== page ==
How the virus arrived in Scotland

Asian traveler with luggage, wearing a face mask and looking at the time table in the departure terminal in an airport during the COVID-19 virus pandemic.

Credit: Kiwis/Getty Images

Severe acute respiratory syndrome coronavirus 2 (SARS-CoV-2), the virus that causes COVID-19, had “multiple introductions” to Scotland in early 2020.

This is according to new research from the Medical Research Council (MRC)-University of Glasgow Centre for Virus Research.

The researchers used the full genome sequences of SARS-CoV-2 to determine the virus was introduced hundreds of times during the first four weeks of the outbreak in Scotland.

This was mainly from European countries like Italy and Spain.

283 introductions

Emma Thomson, Professor of Infectious Diseases at the MRC-University of Glasgow Centre for Virus Research, said:

Our study confirms SARS-CoV-2 entered the Scottish population through at least 283 separate travel-related introductions, leading to multiple clusters of sustained community transmission.

We identified viral lineages with no link to travel as early as three days after the first detection of infection, indicating earlier introduction to Scotland and community spread before the first detected case.

The emergence of continental Europe as the epicentre of the global COVID pandemic was a clear driver of the Scottish outbreak, with the majority of the lineages detected in this study related to European sequences.

Cases with links to China and other countries in South-East Asia were comparatively not detected.

Tracking the new coronavirus to inform policy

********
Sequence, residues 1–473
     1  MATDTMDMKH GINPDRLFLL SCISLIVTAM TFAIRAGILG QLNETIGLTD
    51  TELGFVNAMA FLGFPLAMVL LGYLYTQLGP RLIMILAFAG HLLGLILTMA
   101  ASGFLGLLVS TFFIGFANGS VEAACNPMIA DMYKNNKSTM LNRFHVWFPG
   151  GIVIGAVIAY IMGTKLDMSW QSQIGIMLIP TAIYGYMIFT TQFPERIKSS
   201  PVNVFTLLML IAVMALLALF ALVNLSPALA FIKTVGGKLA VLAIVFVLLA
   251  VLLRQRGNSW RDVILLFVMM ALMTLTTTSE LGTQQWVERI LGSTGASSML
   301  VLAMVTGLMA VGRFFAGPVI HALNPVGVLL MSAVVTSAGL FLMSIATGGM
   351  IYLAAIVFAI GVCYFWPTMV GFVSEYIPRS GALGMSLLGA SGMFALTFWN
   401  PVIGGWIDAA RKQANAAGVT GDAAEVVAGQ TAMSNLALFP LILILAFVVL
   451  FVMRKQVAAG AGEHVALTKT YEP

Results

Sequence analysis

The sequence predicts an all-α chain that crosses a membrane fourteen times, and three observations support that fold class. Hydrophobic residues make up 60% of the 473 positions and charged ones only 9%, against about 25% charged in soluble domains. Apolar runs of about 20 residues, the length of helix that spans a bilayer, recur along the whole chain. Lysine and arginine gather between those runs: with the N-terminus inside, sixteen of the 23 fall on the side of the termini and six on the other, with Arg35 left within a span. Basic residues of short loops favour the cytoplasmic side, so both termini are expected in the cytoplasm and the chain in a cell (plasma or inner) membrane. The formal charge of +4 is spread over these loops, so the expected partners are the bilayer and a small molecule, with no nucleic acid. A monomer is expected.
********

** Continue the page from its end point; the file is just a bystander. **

Thomson says the speed at which the virus took hold in Scotland and the UK was “extremely rapid” and said earlier restrictions could have had a mitigating effect.

It is possible an earlier lockdown from countries with a high burden of cases, such as Italy, and other measures such as quarantine of travellers from high-risk areas, might have prevented escalation of the outbreak and multiple clusters of ongoing community transmission.

Tracking the new coronavirus using sequencing and genomic epidemiological analysis will help to inform our current response and the effect of public health interventions in real-time and is a tool that can be used to understand future infectious disease outbreaks of this nature.

The study investigated the emergence of the virus in Scotland during March.

The researchers obtained full genome sequences from 1,314 individuals using next-generation sequencing technology, in real-time, of 20% of all confirmed diagnoses of the disease.

Thomson added:

As the number of cases continues to rise in Scotland, our sequence data provide a baseline for real-time sequencing of ongoing infections, which can act as a measure for policymakers of the success of current measures including vaccination and contribute to the easing, or tightening, of public health measures.

A national picture of the virus

Dr Kate Templeton, Consultant Clinical Scientist, University of Edinburgh, said:

The introduction of this sequencing approach has been a great collaboration between the University of Glasgow, University of Edinburgh and Public Health Scotland.

The work in both Glasgow and Edinburgh for this study was only possible from joint working with University and NHS scientists.

The ongoing work is reliant on contributions from NHS clinical and diagnostic laboratory staff across Scotland.

Their efforts have helped us build up a truly national picture of the introduction and ongoing spread of the virus and will provide important information to guide policymakers in how to respond to this pandemic.

The study, ‘Genomic epidemiology reveals multiple introductions of SARS-CoV-2 from 3 mainland Europe into Scotland’ is published in Nature Microbiology.

The study was funded by the MRC, UKRI and Wellcome, and is affiliated with the COVID-19 Genomics UK consortium.

Last updated: 27 January 2021

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